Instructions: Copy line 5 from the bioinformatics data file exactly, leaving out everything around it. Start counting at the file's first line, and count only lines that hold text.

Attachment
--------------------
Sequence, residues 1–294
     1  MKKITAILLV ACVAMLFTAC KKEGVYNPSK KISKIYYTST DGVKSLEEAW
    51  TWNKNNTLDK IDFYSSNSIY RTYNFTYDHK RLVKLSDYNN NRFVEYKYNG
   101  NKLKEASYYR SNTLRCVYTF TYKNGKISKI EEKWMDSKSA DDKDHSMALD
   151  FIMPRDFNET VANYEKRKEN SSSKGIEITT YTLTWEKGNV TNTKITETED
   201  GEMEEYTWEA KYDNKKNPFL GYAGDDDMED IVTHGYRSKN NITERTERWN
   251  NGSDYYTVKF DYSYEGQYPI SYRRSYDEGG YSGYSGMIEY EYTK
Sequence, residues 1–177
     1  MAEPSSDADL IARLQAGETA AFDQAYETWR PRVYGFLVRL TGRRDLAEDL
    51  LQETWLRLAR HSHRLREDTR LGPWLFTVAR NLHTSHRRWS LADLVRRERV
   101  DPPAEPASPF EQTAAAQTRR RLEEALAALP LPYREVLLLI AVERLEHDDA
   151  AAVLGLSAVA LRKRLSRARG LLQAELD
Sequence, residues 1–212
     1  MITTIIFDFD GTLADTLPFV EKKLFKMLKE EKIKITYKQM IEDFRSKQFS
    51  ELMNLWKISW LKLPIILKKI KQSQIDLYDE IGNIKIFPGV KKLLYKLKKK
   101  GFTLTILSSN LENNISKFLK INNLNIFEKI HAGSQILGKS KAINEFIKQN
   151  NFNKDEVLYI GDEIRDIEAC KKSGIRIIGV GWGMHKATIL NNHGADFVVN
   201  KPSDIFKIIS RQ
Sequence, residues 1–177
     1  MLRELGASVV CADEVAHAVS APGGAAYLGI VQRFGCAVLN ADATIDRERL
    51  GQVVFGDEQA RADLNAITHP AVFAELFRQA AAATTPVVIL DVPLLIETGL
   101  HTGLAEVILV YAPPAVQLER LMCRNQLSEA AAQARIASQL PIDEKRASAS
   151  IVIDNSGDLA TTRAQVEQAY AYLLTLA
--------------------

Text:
   151  FIMPRDFNET VANYEKRKEN SSSKGIEITT YTLTWEKGNV TNTKITETED